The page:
How did you live your experience of equipping new, often visionary, routes at Arnad’s Cubo?
Opening new routes has always been a necessity to me. It is partly the need to leave a trace of yourself. Il Cubo is really a very important chapter of my vertical life …it is one of the few places near home where I can train. Lots of effort and lots of days work to create those routes. The rock is scarce and I had to red point it to climb. Today maybe I would have chipped less but in the end as usual I would have found myself climbing with a few close friends. A contribution therefore to the vertical people, a job that I do not regret at all. Chipping holds was the only choice possible to allow me to train nearby without travelling 200 kilometres every time. Today also my style of equipping routes has changed. With the discovery of Gressoney I learnt to equip very calmly and look carefully before chipping, if you look carefully there is always a solution. In this way the result is excellent. More than thirty routes and no artificial holds. But this is a difficult case to repeat…
Dont let’s rush to Gressoney yet, let’s proceed in order! What did the episode Tetto di Sarre mean to you? The struggle to achieve a record, the first Italian 9a, or something more?
Sarre was for many people the possibility of climbing during wet days before the birth of climbing gyms. It was good training ground. The story of Ground zero is not the search for the first Italian 9a. I was not there to establish a record but simply to close the accounts with something I had created. Certainly, if Sarre was the main ingredient, the Bindhammer brothers were the catalyst which made the desire to make the first ascent, explode in me. With the great effort I had put into equipping the ghastly overhanging blackboard I would never have forgiven myself to have missed out on the first ascent, and so after the Rock Master went badly I took my revenge on the terrain which I enjoy the best. The grade 9a then came by itself and the time spent by the brothers on the route confirms it!
Your words however betray a certain desire to leave a mark on this little big history of ours. Many very strong climbers however are happy to repeat the reference routes opened by others, without attempting unsolved projects with an uncertain outcome. When you devote yourself to repetitions, do you do it to legitimise your first free ascents or effectively not to lose the sense of reality and keep your feet on the ground? Is it something which stimulates you or do you feel you have to do it?
Climbing is my great inspiration, the desire to train comes from my passion and the fact of leaving my mark is the direct consequence of having done a good job. There are many ways of leaving something behind but perhaps the results are undermined by other results and soon forgotten. The opening of a new route is something which will remain, and even if I do it for you, it will also remain for others. To repeat another climber’s hard route can be used as a parameter, but I do no have a lot of time for travelling also because, even if with great effort I managed to take some time off work, the professional part of my climbing finished in March 1994! It may seem strange but I have never climbed for ten days in a row and I am always telling myself that I should like to try taking two months off and live again a short period as a professional to see where my limits will take me. When I repeat the routes that I open I try to be in line with the ones which were the grades at the time I opened it. My first point of reference is the Finale area and I have always tried to keep to a rating scale which does not give anything for granted. Returning to the routes that I open sometimes I found myself fighting on pitches which did not stimulate me at all, but almost from an innate sense of duty I tried in every case to climb them. As a result, recently, the need has developed in me to open only good routes which are the most natural possible.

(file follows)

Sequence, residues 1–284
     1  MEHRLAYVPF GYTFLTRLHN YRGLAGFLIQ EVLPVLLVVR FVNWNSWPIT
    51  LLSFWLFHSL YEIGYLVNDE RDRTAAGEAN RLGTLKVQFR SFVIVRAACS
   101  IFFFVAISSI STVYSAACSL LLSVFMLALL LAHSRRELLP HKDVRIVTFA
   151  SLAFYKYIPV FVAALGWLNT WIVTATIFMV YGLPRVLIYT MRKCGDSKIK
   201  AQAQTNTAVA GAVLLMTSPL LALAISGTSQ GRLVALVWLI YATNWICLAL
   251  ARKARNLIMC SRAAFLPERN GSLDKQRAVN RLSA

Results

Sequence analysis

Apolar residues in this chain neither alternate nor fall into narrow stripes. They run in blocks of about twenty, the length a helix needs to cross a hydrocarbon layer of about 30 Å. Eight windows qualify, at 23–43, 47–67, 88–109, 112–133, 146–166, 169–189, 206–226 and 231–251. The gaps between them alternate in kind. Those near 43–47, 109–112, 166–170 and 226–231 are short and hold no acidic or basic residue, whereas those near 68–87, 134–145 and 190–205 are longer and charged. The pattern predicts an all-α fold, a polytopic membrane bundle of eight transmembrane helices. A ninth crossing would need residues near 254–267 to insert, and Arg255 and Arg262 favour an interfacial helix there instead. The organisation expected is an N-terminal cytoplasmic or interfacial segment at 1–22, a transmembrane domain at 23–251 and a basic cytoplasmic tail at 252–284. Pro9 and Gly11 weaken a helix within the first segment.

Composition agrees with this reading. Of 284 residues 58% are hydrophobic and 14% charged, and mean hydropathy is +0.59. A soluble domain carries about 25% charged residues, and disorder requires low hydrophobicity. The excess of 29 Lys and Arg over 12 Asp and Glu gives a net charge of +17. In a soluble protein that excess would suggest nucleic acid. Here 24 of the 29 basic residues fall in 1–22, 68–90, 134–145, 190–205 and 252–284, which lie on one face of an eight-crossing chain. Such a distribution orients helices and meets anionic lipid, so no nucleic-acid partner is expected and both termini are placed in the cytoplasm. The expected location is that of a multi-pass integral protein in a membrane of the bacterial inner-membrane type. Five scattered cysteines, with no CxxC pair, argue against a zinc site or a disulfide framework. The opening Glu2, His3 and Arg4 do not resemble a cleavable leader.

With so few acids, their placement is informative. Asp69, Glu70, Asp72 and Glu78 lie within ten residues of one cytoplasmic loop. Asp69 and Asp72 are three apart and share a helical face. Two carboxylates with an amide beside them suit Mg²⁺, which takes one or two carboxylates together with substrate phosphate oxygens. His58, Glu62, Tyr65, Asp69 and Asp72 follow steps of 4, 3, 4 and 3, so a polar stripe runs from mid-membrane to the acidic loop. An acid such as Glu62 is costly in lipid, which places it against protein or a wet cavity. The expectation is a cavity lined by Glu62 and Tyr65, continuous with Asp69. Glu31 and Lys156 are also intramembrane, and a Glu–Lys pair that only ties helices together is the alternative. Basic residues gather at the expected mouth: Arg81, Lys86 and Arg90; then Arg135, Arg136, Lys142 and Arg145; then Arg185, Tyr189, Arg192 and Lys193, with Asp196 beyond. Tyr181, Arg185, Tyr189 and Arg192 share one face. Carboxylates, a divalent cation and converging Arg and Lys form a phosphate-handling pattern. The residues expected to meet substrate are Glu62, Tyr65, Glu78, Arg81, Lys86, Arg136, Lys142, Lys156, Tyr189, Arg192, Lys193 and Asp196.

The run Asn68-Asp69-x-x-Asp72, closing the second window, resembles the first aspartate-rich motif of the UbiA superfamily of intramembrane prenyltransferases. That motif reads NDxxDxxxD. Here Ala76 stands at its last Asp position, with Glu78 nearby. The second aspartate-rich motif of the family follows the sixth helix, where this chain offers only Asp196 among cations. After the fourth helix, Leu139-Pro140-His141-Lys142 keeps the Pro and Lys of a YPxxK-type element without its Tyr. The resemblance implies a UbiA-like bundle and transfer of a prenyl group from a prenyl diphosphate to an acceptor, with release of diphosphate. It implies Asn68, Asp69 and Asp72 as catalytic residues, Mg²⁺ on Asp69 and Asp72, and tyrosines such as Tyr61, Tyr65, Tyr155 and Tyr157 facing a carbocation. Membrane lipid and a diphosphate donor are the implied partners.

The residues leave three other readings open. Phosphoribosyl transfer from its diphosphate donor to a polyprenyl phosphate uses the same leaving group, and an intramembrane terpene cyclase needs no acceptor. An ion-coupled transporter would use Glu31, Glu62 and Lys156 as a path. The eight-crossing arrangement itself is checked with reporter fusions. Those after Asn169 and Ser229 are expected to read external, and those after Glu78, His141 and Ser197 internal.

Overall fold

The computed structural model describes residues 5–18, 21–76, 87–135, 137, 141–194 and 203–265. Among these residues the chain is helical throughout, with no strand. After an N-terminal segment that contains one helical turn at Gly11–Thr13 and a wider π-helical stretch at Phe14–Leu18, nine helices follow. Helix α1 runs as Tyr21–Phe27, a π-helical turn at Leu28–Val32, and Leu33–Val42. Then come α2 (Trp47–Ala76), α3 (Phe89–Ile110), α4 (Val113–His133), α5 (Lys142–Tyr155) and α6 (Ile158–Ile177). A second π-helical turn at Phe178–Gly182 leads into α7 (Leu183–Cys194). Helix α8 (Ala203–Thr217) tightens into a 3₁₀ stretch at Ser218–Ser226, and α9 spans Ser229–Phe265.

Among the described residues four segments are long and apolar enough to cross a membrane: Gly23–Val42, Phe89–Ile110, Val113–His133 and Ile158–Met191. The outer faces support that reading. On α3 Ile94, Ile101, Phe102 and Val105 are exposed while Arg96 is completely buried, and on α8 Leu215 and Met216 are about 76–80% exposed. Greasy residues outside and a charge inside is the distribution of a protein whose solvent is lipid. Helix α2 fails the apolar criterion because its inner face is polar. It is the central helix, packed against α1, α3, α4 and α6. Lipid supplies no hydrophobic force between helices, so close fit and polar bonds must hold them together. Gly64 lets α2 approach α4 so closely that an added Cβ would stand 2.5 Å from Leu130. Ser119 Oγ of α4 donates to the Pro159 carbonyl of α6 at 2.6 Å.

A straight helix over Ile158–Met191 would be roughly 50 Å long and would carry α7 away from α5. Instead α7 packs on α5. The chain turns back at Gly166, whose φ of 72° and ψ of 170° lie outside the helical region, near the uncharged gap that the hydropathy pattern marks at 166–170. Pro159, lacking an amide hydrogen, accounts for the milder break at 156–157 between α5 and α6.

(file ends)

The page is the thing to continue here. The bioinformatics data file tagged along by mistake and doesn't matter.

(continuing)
Alberto, you are one of the few climbers to know from personal experience what a 9a is. In fact many people talk about it, but nobody knows what it actually means to climb this grade. According to you what margins for improvement are there in the future, regarding difficulty? Do you see any particular tendencies on the horizon?
The difficulty on red pointing can still increase, but there is a need to be humble and objective in giving a grade while awaiting confirmation without fear of being contradicted. Certainly those who can push the limits are the athletes who train for competitions and develop to the maximum their quality of strength endurance. The determining factor however remains the rock structure. A ten metre long 9a+ I think is currently impossible. The tendency for high difficulty now remains on routes over 25 metres.